But next at the same time, you also have at least some amongst Republicans asking if there might be a different way. Now in one sense, this is an almost theoretical question since all the signaling is going to come inevitably from the Republican presidential candidate. It's all going to be up to President Trump as to how he intends to run, and there's every evidence that he's going to run exactly as he did in 2016, only perhaps more so.

Elizabeth Diaz reporting on this story, "Social Conservatives Mull a Softer Strategy For 2020," begins this way, "After Democrats delivered a resounding counter punch to President Trump at the polls, one of his most reliable voting blocks, social conservatives, now faces the repercussions of the uncompromising support for Mr. Trump's agenda. The result," says Elizabeth Diaz, "Is mixed. Social conservatives are celebrating a slightly expanded Republican majority in the Senate, which advances their top priority, confirming conservative judges, as well as their anti abortion rights agenda." That's the language ... I simply need to interject here ... of the New York Times. "But," she says, "Steep Republican losses in the House, particularly in suburban areas, have some strategists reflecting on how to proceed as they pivot their efforts to re-electing Mr. Trump in 2020." And of course, that pivot is not only about re-electing the president, but also electing other Republicans, especially as we are looking at the Congress.

The point raised in this article is undeniable when it comes down to the electoral map. If Republicans have any hope of re-winning a majority in the United States House, then Republican candidates are going to have to win in those crucial metropolitan and suburban districts. That's what is now very much in question.

Part

Looking to the future, Democrats face big question: Play to the center or go for broke and move to the left?

But next at the same time, you also have at least some amongst Republicans asking if there might be a different way. Now in one sense, this is an almost theoretical question since all the signaling is going to come inevitably from the Republican presidential candidate. It's all going to be up to President Trump as to how he intends to run, and there's every evidence that he's going to run exactly as he did in 2016, only perhaps more so.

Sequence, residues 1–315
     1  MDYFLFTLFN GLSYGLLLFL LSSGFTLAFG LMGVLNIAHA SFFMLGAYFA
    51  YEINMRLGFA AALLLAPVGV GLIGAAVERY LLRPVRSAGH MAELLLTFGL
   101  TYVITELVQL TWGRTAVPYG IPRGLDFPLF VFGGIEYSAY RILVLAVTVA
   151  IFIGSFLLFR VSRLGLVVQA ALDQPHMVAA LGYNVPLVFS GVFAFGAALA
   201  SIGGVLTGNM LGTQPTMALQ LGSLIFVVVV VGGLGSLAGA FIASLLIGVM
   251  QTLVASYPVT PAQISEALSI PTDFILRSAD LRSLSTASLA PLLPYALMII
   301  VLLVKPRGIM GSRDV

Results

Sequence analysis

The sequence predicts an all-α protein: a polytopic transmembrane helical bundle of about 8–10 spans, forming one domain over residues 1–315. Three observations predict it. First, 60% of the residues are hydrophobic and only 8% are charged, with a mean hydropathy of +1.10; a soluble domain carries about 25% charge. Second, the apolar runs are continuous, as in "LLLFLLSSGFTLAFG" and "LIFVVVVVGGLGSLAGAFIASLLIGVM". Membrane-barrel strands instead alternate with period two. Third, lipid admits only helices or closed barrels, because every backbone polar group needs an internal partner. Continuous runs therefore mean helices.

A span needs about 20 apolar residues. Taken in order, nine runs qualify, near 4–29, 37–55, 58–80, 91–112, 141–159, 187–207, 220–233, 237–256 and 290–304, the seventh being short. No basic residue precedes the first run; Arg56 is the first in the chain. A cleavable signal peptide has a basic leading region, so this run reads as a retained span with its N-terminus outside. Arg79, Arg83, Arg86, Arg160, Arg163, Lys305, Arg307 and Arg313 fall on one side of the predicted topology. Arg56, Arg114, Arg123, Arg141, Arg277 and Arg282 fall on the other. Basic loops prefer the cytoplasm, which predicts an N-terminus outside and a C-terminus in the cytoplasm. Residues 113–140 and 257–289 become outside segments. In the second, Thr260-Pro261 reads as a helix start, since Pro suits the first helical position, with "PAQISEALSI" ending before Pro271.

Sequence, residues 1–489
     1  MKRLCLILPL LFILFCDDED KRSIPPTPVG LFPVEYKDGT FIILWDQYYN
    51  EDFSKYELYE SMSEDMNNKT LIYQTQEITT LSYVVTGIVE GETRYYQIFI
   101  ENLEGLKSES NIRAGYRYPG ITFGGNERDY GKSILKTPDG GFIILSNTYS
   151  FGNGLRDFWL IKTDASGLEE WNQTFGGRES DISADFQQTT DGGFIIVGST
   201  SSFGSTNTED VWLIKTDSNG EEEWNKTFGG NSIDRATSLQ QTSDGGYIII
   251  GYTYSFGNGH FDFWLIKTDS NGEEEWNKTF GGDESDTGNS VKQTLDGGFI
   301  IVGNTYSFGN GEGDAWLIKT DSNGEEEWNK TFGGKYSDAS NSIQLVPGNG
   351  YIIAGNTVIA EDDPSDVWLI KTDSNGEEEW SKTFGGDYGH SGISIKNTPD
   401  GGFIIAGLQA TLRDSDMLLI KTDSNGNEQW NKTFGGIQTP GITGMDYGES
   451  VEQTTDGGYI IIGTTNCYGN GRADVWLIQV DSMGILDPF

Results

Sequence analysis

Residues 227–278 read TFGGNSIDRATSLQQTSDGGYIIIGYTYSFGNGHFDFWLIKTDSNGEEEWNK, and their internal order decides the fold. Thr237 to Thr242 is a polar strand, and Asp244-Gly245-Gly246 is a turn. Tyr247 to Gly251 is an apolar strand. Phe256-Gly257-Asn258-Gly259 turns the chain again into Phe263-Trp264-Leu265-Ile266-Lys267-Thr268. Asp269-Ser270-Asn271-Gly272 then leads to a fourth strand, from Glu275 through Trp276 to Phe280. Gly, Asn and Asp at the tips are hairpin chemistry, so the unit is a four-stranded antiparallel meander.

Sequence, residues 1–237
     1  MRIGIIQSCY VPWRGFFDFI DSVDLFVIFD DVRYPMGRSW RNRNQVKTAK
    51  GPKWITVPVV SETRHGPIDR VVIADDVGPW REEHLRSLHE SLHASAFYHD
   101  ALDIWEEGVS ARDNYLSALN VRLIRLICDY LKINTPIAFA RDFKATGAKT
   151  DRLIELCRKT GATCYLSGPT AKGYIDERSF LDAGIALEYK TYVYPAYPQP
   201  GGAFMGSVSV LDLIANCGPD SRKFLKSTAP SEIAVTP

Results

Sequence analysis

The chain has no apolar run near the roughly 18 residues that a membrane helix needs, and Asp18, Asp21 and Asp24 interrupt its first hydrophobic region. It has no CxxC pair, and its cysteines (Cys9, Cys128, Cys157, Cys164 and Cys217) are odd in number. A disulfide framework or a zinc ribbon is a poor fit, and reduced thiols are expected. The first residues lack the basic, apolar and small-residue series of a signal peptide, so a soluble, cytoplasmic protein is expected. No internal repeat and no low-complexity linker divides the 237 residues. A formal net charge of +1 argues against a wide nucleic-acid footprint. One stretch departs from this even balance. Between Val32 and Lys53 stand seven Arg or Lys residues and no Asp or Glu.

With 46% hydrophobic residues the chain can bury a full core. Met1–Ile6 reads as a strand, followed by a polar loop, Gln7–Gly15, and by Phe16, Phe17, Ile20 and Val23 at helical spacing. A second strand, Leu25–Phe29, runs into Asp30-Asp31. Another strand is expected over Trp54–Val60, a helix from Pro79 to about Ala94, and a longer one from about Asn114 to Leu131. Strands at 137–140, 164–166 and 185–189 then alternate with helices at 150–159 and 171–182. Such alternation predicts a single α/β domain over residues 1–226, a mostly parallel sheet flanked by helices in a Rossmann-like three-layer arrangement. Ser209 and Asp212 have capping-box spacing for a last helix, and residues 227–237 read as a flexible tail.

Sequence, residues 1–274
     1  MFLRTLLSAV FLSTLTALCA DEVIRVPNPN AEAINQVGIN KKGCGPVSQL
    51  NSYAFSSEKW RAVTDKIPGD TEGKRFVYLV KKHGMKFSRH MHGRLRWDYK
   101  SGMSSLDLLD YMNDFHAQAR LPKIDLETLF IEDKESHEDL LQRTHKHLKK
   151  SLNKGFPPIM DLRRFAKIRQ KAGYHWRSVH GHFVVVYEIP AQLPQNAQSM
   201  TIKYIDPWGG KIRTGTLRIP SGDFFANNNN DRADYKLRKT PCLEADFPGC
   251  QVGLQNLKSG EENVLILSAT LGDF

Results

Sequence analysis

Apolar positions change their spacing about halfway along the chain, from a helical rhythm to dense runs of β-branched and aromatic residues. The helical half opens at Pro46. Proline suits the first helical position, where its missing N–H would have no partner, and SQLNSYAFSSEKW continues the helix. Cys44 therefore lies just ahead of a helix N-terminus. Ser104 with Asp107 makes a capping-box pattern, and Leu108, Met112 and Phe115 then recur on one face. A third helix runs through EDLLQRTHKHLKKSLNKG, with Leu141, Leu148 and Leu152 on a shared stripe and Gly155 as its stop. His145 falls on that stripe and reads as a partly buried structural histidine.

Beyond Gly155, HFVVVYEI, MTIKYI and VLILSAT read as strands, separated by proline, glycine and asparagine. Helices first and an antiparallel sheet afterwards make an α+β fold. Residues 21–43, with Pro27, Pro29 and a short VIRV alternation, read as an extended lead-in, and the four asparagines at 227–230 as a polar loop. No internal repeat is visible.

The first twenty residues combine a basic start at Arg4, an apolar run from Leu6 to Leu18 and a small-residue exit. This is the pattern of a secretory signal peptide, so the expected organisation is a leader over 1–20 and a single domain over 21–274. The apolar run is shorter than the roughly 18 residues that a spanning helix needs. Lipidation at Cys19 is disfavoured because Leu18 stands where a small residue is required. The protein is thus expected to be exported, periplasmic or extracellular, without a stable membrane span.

Elizabeth Diaz reporting on this story, "Social Conservatives Mull a Softer Strategy For 2020," begins this way, "After Democrats delivered a resounding counter punch to President Trump at the polls, one of his most reliable voting blocks, social conservatives, now faces the repercussions of the uncompromising support for Mr. Trump's agenda. The result," says Elizabeth Diaz, "Is mixed. Social conservatives are celebrating a slightly expanded Republican majority in the Senate, which advances their top priority, confirming conservative judges, as well as their anti abortion rights agenda." That's the language ... I simply need to interject here ... of the New York Times. "But," she says, "Steep Republican losses in the House, particularly in suburban areas, have some strategists reflecting on how to proceed as they pivot their efforts to re-electing Mr. Trump in 2020." And of course, that pivot is not only about re-electing the president, but also electing other Republicans, especially as we are looking at the Congress.

The point raised in this article is undeniable when it comes down to the electoral map. If Republicans have any hope of re-winning a majority in the United States House, then Republican candidates are going to have to win in those crucial metropolitan and suburban districts. That's what is now very much in question.

Part

Orange County, California: Heart of modern conservative movement turns blue. What does this mean for the American future?

And, that's where the headline story from Orange County, California, becomes incredibly important. The headline in yesterday's edition of the Wall Street Journal was this, "Democrats Complete Orange County Sweep." Here's what's so important. I'm going to cite to you one paragraph from the article by reporter Byron Tau. "Orange County was once the heart of the modern conservative movement. President Nixon was born in Yorba Linda, and represented the region in Congress. President Reagan launched his political career in Orange County, holding a 1965 fundraiser in a home as part of his successful campaign for California governor. Orange County has grown increasingly diverse with an influx of Latino and Asian-American voters, making it a much more competitive territory for Democrats. Hilary Clinton became the first Democrat to carry the county in 80 years, in the 2016 election."